Last month, Cyber-Duck were involved with Talk UX, a brand new conference exploring new user experience concepts and ideas: from accessibility and design, to the digital afterlife. I travelled to Manchester for the event and left feeling inspired. I’ve summarised the main themes within this article.

Sponsored by Cyber-Duck and created by Georgie Bottomley and Lizzie Dyson, the co-founders of the popular Ladies that UX network, Talk UX aimed to become an ‘open space, to meet, learn and collaborate within UX’ – and they definitely met this goal. The stand-up comedy sections definitely helped boost the chatty mood of the audience! Since then, I’ve organised the main ideas and theories I learned into four general themes: designing for data, people, devices and change. Here are my highlights.


The fascinating sessions of the Talk UX conference were held against the pretty backdrop of the historical Town Hall in Manchester (image source).

Design for Data

A few of the speakers discussed the tricky challenge of how best to present data. Emily Heath gave a great talk about using cards to display data in a consistent, recognisable way. She defined ‘cards’ as a piece of portable, snackable micro-content, to achieve a user-friendly data display. Tinder’s cards are a great example: they present essential information and allow users to easily swipe on to their next match.

Hannah Tempest gave some hints about how to handle more complex data structures; involve developers early in the creative process, and take their input into account. Start by mapping the user journey, creating the information architecture and defining what information we are able to pull from APIs. Facilitate these user journeys by pre-populating the content you have from the start, such as getting the users’ location from their device’s GPS. Finally, challenge the layout by asking developers to provide real data for the best and worst case scenarios (e.g. what are the longest and the shortest labels for a certain field?).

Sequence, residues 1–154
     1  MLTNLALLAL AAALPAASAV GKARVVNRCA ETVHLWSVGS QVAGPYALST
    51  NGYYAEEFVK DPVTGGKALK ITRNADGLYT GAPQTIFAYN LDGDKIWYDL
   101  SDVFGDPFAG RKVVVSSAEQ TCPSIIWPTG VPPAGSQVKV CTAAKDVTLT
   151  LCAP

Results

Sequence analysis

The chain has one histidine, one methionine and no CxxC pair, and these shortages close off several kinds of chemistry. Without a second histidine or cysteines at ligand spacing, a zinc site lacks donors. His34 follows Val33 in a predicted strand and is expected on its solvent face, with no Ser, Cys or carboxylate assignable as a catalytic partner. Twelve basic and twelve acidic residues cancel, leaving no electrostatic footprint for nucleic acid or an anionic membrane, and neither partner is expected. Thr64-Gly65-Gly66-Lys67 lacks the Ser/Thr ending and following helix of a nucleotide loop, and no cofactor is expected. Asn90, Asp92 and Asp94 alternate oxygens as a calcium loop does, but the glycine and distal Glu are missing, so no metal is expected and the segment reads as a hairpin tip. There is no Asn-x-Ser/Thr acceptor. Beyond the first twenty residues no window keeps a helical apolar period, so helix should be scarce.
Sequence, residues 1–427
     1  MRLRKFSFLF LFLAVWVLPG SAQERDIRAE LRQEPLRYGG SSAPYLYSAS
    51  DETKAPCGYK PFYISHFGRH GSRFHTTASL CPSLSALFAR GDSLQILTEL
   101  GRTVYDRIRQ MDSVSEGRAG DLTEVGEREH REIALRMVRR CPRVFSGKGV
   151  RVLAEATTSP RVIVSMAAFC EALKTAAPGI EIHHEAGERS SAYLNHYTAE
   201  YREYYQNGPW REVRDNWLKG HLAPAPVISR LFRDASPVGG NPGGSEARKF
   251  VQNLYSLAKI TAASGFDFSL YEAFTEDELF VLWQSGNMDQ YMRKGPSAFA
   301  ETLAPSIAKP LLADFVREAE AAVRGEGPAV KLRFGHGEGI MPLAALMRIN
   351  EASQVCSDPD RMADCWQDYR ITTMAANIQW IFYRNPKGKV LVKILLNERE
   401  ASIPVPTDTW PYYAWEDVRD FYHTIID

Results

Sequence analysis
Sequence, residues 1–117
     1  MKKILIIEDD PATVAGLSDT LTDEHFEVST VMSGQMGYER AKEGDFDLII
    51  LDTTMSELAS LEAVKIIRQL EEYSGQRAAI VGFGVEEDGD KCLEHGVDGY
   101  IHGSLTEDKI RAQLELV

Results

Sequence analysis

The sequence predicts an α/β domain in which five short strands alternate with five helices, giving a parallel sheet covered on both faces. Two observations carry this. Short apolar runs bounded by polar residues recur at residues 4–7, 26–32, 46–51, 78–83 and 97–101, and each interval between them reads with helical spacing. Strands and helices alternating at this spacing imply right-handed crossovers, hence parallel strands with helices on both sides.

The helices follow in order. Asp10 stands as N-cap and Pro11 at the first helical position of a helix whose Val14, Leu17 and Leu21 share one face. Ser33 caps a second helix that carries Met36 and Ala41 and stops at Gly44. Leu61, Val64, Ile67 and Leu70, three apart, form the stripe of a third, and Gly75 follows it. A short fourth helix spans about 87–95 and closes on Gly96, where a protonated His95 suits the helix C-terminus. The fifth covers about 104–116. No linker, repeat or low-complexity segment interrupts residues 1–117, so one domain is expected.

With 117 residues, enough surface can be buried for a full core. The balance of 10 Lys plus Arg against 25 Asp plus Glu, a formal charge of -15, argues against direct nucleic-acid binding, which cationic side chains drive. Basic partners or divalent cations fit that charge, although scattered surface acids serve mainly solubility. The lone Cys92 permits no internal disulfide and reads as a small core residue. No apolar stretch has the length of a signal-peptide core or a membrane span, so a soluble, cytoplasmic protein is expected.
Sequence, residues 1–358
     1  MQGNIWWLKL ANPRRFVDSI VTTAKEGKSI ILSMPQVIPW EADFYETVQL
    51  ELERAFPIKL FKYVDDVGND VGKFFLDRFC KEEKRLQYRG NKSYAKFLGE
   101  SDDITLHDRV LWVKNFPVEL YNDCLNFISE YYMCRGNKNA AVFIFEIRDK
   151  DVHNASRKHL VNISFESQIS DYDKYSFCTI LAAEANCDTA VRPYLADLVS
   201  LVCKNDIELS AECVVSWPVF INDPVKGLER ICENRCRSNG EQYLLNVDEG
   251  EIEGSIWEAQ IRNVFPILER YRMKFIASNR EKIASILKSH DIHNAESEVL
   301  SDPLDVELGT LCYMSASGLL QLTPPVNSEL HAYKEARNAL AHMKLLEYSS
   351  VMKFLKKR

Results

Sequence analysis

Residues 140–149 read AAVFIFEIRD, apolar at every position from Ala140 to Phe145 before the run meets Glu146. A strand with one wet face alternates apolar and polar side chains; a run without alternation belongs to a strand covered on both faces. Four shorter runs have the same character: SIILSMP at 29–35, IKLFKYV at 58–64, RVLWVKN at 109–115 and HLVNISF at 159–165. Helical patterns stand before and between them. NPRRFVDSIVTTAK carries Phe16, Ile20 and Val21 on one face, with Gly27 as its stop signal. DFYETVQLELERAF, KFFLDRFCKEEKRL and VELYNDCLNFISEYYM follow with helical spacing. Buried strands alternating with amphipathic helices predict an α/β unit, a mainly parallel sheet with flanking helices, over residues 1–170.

I also enjoyed Andy Parker’s talk, revealing how to use ‘microformats’ for contact details and increase accessibility for both users and search engines.

Design for People

As designers, we are always creating products for people – so must consider accessibility. But, this doesn’t mean ‘designing for disabilities’. Instead, aim to design for as many people as possible. Rebecca Topps and Elizabeth Chesters gave me a few brilliant ideas about how to achieve this:

  1. Ensure designs can answer the needs of all, by recruiting diverse participants for usability testing and including them in personas
  2. Optimise visual affordance by using high colour contrast and clear visual hierarchy. Improve readability and make error messages meaningful, by providing users with clear explanation of what went wrong and how to fix it.
  3. Use tools to aid and assess your work, from Colour Contrast Analyser and Pa11y to Hemingway.


Rebecca and Elizabeth shared great take-aways about how to redefine accessibility, and how to place it at the core of your project (image source).